Following the announcement that Whitbread, the owner of the Costa Coffee chain and Premier Inn hotels, has seen pre-tax profits rise to £546.3m (up about 12% from last year), Underscore looks at how consistent delivery of a brand promise can be the key to success.

Despite a period of change for the group, which has seen substantial reconfiguration of senior staff, Whitbread’s brands seem to be going from strength-to-strength. In a BBC interview earlier this week, new chief executive Alison Brittain said the results reflected a “successful” year that demonstrated “the strength of our businesses”. When asked whether the rise in the national living wage would see increased coffee prices orcuts from their front-of-house staff, Ms Brittain insisted that Whitbread did not need to raise coffee prices to fund improved pay for staff and increased investment in IT infrastructure. “I think there are other ways of us achieving this,” she told the BBC, insisting that it is “really important” to continue to offer “a lower price point for coffee than our competitors”. She stated that customer service, as well as offering a competitively priced product, was the foremost initiative behind the brand, whilst offering customers good value for money.

costa coffee brand promise

If we look at their business model, Costa Coffee has been aggressively expanding. The company has already installed 5,000+ stand-alone coffee machines, and is planning roughly another 3,000, while also expanding its franchises in the 24 countries where it currently operates. The ‘Costa coffee on the go’ strategy has seen to it that ‘wherever you’re going, you can take the great taste of Costa coffee with you’. The secret to their success is, we believe, the consistent delivery of their brand promise: that the bars always use the same beans and fresh milk found at their conventional coffee shops. This ensures their customers know exactly what they’re getting: satisfaction guaranteed. Paired with convenience, implemented as a result of their cross-channel marketing. The results: underlying profits at Costa rose £21m to £153.5m, despite coffee sales growing less than analysts expected.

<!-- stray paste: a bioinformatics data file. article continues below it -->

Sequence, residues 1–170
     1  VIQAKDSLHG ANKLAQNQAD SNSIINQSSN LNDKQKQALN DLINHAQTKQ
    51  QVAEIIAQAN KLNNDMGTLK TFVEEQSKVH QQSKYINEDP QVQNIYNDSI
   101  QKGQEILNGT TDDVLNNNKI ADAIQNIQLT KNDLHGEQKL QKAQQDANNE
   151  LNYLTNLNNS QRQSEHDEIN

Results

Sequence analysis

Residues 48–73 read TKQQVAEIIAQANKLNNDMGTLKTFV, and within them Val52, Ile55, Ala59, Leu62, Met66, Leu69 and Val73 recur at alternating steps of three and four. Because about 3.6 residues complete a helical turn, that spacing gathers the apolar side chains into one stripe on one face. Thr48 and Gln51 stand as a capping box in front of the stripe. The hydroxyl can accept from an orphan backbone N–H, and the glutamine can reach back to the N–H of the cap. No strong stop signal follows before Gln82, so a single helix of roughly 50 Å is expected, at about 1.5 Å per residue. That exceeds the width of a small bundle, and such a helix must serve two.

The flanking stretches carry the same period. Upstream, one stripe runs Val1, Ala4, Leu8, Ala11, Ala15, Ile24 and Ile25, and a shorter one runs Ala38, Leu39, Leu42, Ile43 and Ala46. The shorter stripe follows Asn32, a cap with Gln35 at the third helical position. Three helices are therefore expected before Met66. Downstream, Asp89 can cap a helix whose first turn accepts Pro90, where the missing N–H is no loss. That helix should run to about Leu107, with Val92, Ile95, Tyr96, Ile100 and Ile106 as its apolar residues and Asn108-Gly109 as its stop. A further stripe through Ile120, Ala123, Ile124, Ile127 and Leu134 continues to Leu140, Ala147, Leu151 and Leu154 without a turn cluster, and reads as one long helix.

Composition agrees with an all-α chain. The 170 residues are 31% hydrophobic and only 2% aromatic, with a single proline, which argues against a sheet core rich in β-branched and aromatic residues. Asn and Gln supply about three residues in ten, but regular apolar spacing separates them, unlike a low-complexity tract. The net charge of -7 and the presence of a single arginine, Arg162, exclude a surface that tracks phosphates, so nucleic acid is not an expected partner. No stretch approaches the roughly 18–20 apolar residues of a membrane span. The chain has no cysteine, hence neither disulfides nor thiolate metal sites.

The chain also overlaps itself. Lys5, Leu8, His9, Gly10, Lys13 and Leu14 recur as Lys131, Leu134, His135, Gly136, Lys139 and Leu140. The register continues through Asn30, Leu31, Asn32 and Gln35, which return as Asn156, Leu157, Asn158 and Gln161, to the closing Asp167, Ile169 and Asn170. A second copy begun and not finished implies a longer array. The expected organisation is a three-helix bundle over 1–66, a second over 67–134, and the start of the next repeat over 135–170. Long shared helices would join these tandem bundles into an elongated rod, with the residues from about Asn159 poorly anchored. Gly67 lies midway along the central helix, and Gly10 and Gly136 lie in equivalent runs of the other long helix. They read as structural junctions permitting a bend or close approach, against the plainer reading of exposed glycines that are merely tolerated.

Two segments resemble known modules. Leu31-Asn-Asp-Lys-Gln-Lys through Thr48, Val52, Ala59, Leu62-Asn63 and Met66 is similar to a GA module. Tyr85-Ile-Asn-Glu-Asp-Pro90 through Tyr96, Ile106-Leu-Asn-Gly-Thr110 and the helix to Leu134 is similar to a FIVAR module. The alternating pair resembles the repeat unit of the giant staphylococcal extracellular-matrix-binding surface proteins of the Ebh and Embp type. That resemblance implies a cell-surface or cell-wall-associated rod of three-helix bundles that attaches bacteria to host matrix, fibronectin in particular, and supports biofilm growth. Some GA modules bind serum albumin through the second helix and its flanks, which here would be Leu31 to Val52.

The UK’s frothy coffee market has been expanding, with branded outlets such as Costa, Starbucks and Caffe Nero accounting for a 15% rise in sales over 2015, according to research firm Allegra. “Costa is busily slaking the nation’s never ending thirst for caffeine,” says Steve Clayton, head of equity research at Hargreaves Lansdown. “Think of it as an investment play on the UK’s long hours work culture.”

The company also wants to expand its Premier Inn chain further, and is targeting about 85,000 rooms by 2020. When asked whether they were concerned about accommodation provider Airbnb, Brittain admitted paying extremely close attention to their rivals, ensuring that their own Premier Inn offering remains a consistently high standard, ensuring guests experience a great night’s sleep, guaranteed and at a good price. Once again reiterating that delivering on your brand promise ensures customers receive the same consistent experience, whenever and wherever they come into contact with your brand.